Lucknow, Dec 9 (IANS) With the onset of winter, the King George’s Medical University (KGMU) and Ram Manohar Lohia Institute of Medical Sciences (RMLIMS) have recorded a 50 per cent rise in cases of stroke since November while the Balrampur Hospital, which rarely receives stroke patients, is also reporting cases.
According to officials, KGMU has been reporting an average of six cases of stroke daily since November which has now increased to around 10 to 12.
The number has gone up to 5 to 6 at RMLIMS. Balrampur Hospital is recording at least one case on a weekly basis.
An increase of 20 per cent has also been registered in the number of heart patients.
According to experts, a dip in temperature has triggered respiratory infections and constriction of blood vessels leading to rise in blood pressure which is making people prone to brain haemorrhage, ischemic (clot) stroke or heart attack, and artery blockage.
Doctors said that people suffering from heart disease and hypertension should visit the doctor and get the dosage of their medicines revised.
Prof Ravi Uniyal, a faculty member at KGMU’s neurology department, said, “If someone is already suffering from high blood pressure and is over 40 years of age, especially those with headache, must visit a doctor in winter. They should get their blood pressure checked and take medicines to control it.”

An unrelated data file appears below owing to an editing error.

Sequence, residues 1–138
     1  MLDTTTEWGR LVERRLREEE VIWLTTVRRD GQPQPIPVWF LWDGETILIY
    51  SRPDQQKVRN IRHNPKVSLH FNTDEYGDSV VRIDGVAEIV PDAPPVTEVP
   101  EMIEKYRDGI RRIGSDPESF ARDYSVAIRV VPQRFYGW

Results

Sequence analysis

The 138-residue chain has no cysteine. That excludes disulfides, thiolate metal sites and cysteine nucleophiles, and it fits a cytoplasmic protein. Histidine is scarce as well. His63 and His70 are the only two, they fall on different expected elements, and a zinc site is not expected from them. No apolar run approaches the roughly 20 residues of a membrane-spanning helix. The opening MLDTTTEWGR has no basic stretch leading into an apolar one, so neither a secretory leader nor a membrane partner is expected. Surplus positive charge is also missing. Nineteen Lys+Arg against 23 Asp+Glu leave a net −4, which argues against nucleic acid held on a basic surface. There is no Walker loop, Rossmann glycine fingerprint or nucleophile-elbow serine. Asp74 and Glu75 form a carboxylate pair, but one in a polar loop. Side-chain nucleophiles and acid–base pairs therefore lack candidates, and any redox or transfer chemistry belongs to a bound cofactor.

Prof Pravesh Verma, a faculty at cardiology department, KGMU, said “Patients with respiratory infection have six times more possibility to suffer a heart attack than a normal person. Low temperature causes blood vessels to constrict, so the heart has to pump harder to push blood through our constricted veins and arteries to organs. This makes those patients vulnerable who have a clot or plaque or have undergone heart surgery.”
Prof Bhuvan Tiwari, head of cardiology department, RMLIMS, said, “Those above 40-45 years should avoid sudden dip in body temperatures. They must wear layered clothing and socks to prevent sudden contraction of blood vessels which might cause heart attack or stroke.”
At least 50 per cent of patients, who suffer heart attack and stroke cases do not know they are hypertensive. High blood pressure is the leading cause of heart attacks and strokes.
“People, especially those over 40, must get their BP checked from time to time. If it is deranged twice in the gap of a few hours, start taking medication,” the doctors said.
Since hypertension does not cause any symptoms, people tend to often quit medication thinking that they are fine,” the doctors said.
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